Hand gestures resembling the modern-day victory sign in murals adorning a recently unearthed Tang Dynasty (618-907) tomb have sparked curiosity among archaeologists and visitors alike.

The Archaeological Museum of Jinyang Ancient City in Taiyuan, Shanxi province, unveiled the well-preserved brick chamber tomb of Guo Xing on Friday. Dating back over 1,300 years, it's the first public display of this accidental discovery from 2019.

Guo Xing, a Tang Dynasty military officer under Emperor Taizong, Li Shimin (599-649), rests alongside his wife within the tomb. Exquisite murals adorn the chamber walls, ceiling, door, and even the coffin.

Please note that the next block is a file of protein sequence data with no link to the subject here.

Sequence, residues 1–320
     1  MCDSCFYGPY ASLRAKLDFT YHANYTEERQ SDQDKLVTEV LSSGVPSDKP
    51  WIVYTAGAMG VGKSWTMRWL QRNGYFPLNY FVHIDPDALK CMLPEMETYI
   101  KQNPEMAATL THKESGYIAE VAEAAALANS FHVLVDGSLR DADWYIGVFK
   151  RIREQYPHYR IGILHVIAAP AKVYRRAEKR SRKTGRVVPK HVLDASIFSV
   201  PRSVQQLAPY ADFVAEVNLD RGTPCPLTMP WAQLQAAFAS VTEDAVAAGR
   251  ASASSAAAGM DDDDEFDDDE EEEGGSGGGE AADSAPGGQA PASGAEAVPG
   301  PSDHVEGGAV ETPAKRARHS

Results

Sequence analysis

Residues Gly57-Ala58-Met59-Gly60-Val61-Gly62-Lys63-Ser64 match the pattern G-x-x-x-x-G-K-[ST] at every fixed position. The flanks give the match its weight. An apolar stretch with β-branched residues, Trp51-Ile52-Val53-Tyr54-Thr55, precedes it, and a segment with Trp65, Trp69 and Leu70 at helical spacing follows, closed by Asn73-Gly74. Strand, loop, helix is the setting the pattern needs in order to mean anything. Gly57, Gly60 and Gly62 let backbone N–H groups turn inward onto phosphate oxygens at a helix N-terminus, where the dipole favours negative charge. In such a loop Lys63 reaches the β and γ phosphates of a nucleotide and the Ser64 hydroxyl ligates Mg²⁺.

Intriguingly, some figures in the murals raise their index and middle fingers, with the remaining fingers curled, in a gesture remarkably similar to the modern-day victory sign.

However, the meaning behind this pose remains ambiguous. Pei Jingrong, head of the Taiyuan Institute of Archaeology, told China Central Television that while some interpret it as a blessing, a definitive explanation eludes the academic community.

The newly unveiled tomb adds another layer of cultural richness to the museum, which stands within the ancient city of Jinyang, whose history stretches back to the Spring and Autumn Period (770-476 BC). As a thematic museum, it delves deep into the history and culture of this ancient metropolis.